What needs to be borne in mind is cost, the NHS always performs much better under a Labour Government than a Tory one because it gets adequate funding.
Linkat
 
  1  
Reply Tue 27 Jul, 2021 12:06 pm
@izzythepush,
izzythepush wrote:

Doctors don’t have third parties like insurance companies saying what is and what isn’t necessary.



In a sense they do - they have state medical boards that do monitor them. The medical board is in charge of the licensing and regulation of physicians.

Insurance companies have so-called in the network vs out of the network doctors. Depending on your insurance company you can use either only in the network or either (whereas out of the network you need to pay a higher amount).

An in the network doctor is one approved by your insurance company so you would think they would "trust" the doctor has the knowledge to determine what is medically necessary. Insurance companies are not doctors - they are not medically licensed nor have the knowledge of what is best for a patient. They try to pay out as less as is at all possible so it is in their best interest to limit the amount that is medically necessary and to have independent doctors that they pay for to determine what they think is medically necessary.

And this did not happen during covid - this happens several years ago.

Here is the logic of insurance companies -- one item that the insurance company refused to pay for was to rent a CPM machine. This helps a patient after surgery to get a range of motion in their leg rather than just having it stay motionless for the couple of weeks you are not supposed to put weight on your leg. If you do not have this - then your PT sessions could end up being doubled because they will have to work on getting your range of motion before they can work on your actual return to strength. Additional PT costs would be at least another $1k whereas renting the machine would be around $150 - $300 depending on how long the doctor recommends using it.

Similar thing custom brace is about $500 - whereas tearing your acl again (which again is common if you do not properly recover the first time) will cost $25 - $50k.

And other insurances do cover this - so some have approved these as medically necessary and some do not.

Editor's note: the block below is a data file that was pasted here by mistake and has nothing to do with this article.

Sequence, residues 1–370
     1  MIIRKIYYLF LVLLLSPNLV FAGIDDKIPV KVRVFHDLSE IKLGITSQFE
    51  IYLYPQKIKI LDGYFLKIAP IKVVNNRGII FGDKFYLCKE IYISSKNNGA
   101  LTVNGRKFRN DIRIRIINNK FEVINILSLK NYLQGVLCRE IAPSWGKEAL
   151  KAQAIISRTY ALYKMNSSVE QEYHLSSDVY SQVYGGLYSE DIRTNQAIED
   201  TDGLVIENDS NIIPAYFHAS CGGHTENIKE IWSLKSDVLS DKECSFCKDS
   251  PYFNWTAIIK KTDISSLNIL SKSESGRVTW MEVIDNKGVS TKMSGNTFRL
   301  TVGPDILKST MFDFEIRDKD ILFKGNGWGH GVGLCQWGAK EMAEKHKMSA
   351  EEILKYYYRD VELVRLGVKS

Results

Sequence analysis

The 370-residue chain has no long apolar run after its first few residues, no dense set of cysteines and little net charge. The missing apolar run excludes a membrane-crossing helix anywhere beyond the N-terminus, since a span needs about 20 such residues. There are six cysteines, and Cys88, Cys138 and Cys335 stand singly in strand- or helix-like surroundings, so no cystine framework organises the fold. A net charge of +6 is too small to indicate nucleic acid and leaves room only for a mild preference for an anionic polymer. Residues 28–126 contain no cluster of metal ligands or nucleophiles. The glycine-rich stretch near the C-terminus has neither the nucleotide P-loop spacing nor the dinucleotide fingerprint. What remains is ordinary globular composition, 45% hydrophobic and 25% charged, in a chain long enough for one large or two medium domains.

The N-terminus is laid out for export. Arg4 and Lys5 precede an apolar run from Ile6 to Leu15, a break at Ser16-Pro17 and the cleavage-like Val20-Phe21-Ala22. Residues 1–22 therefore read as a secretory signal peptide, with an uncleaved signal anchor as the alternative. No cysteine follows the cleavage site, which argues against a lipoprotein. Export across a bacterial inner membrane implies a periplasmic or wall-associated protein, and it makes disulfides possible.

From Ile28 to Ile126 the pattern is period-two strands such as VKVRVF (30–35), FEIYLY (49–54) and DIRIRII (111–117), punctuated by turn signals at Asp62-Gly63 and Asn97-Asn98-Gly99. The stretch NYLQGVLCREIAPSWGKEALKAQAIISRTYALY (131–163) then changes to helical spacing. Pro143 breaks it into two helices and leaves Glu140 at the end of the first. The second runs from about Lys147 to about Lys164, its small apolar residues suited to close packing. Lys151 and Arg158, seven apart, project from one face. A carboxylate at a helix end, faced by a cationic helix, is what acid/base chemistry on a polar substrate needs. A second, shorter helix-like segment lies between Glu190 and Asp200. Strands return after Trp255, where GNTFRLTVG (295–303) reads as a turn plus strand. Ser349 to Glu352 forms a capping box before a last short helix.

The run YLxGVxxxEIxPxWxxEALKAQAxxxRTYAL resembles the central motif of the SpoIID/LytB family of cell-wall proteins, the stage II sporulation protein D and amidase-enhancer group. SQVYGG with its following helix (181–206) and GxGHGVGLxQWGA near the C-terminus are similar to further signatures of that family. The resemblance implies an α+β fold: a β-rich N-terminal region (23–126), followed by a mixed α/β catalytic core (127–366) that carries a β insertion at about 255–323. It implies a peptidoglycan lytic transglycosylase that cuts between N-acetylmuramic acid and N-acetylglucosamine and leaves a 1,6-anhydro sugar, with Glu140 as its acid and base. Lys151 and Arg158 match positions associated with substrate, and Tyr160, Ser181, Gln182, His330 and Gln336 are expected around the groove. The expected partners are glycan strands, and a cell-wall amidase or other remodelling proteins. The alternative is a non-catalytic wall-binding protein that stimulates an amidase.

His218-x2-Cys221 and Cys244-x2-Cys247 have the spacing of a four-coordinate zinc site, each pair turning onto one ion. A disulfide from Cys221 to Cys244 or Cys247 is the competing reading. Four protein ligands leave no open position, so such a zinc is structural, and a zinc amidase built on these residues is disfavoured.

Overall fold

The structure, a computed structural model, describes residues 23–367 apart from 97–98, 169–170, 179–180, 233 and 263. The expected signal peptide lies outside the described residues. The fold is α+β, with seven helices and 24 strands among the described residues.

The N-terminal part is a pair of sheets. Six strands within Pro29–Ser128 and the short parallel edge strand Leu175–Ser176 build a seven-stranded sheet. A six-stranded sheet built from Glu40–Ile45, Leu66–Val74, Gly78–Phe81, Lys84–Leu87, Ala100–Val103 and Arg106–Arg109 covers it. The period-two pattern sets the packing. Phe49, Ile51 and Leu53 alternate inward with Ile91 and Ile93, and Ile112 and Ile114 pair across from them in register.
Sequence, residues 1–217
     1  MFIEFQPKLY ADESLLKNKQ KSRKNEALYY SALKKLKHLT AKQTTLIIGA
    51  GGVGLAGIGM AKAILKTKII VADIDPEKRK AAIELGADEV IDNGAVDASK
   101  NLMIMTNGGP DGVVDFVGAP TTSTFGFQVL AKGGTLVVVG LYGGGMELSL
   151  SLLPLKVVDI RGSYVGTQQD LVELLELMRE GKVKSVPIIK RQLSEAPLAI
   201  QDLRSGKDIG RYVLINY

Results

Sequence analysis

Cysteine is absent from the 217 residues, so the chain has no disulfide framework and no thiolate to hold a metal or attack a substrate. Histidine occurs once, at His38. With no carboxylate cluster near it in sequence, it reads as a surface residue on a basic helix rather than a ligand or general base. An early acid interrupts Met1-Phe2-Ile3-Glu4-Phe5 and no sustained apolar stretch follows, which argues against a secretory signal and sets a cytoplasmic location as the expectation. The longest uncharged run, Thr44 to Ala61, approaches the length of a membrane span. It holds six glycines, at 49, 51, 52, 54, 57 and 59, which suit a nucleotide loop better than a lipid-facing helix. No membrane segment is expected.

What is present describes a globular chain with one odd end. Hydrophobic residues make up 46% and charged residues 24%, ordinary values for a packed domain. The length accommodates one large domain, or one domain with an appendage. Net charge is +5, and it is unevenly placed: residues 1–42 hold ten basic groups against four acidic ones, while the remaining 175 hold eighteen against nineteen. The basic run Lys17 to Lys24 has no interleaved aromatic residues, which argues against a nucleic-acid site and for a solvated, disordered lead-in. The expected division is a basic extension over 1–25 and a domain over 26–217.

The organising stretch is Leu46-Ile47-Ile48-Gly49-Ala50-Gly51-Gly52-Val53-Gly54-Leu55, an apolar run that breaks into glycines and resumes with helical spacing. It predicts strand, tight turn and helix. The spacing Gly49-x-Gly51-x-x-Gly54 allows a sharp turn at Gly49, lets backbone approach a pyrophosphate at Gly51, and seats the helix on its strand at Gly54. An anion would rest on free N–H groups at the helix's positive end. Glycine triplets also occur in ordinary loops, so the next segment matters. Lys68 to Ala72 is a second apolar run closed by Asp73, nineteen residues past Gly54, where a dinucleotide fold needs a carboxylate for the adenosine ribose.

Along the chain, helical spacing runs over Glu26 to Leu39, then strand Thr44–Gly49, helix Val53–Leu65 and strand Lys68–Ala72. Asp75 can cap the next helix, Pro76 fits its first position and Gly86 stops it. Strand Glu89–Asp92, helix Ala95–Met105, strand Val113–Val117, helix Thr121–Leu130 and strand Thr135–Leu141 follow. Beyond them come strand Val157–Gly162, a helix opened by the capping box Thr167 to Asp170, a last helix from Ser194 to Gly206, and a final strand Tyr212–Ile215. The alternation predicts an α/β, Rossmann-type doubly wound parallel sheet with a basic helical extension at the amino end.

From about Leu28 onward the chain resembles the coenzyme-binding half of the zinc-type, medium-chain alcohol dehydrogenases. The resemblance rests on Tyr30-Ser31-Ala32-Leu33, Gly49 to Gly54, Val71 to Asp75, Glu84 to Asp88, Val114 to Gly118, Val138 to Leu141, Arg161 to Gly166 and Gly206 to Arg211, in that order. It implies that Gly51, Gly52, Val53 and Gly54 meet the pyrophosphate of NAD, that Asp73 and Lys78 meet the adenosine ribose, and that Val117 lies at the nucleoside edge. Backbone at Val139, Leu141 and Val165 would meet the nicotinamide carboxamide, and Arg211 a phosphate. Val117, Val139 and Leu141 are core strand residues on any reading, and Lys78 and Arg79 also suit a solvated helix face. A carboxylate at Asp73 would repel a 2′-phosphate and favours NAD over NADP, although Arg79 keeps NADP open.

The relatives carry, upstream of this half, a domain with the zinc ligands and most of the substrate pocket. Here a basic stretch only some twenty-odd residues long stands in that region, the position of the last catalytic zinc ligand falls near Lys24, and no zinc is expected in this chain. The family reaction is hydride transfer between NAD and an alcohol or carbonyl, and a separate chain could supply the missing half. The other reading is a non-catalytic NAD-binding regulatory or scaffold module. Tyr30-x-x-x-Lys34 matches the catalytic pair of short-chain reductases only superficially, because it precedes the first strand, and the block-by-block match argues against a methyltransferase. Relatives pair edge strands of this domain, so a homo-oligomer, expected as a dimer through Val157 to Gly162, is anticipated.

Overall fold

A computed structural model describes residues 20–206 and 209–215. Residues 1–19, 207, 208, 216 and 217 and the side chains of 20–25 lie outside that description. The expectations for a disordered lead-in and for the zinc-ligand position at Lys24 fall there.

maxdancona
 
  -1  
Reply Tue 27 Jul, 2021 12:08 pm
@Linkat,
I am philosophically in favor of health care rationing. You can't give every patient everything they might need (I am being careful to choose my words here). The United States provides top care to people in the middle and upper classes. Where the system falls apart in the US is for the working class and poor.

A couple of months ago I showed up to the emergency room (via ambulance) with stroke-like symptoms. Over the next three days I received $36,000 worth of medical care including a CAT scan, an MRI and two ultrasounds. Add to that an emergency room visit, a hospital stay, consults with a half dozen doctors of different specialties, nurses. blood tests etc. I did not pay a cent for this care (I may have to pay a few hundred dollars for my part of the ambulance ride).

After all of these expensive tests they found nothing (the neurologist actually said I have a "fantastic brain"... which probably caused some swelling).

My question is was a CAT scan and an MRI really necessary? These are expensive tests, and I question whether the chance that one would pick up something the other missed justified the price tag. In my defense, I chose to call the ambulance, after that the doctors made all of the decisions (I just went along).

What I know for sure is were I less wealthy with worse insurance, I would have never receieved all of this care. If I were poorly insured, I would have been given one scan at most and then sent away without much fanfare.

I suspect that in most countries... two expensive brain scans would never have been done. Americans get a lot more expensive tests and procedures than are considered rational in other countries. That drives up health care costs without the corresponding improvement in outcomes.
maxdancona
 
  0  
Reply Tue 27 Jul, 2021 12:15 pm
@Linkat,
In the US doctors complain about being pressured to do unecessary tests. Pacients will demand expensive tests based on something they heard and read. The doctor will say no, that isn't justified by the cost and risk.

If the the million to one chance the doctors erred, he will be sued out of existance by the patient.

Doctors don't want to take the risk, and this means that unecessary (and sometimes harmful) tests are done without the rational need.
Walter Hinteler
 
  1  
Reply Tue 27 Jul, 2021 12:27 pm
@maxdancona,
maxdancona wrote:
I suspect that in most countries... two expensive brain scans would never have been done.
Here in Germany, it will be done in any hospital with a stroke unit.
Costs here would be 30 Euros for the hospital plus 10 Euros for the ambulance.

If you'd be driven to a hospital without such a unit, you would get the same - but done with more driving by ambulance. (Costs are the same as above for those three days.)
0 Replies
 
Linkat
 
  1  
Reply Tue 27 Jul, 2021 12:27 pm
@maxdancona,
I have not heard of this - maybe because I never insisted on this - I highly doubt that my insurance would cover for these tests. As a matter of fact - my daughter had to get pre-approval from the insurance company for MRI to determine if she indeed had a torn ACL. I did not delay though - I did sign saying I would pay for the MRI even if the insurance did not approve same for all else involved.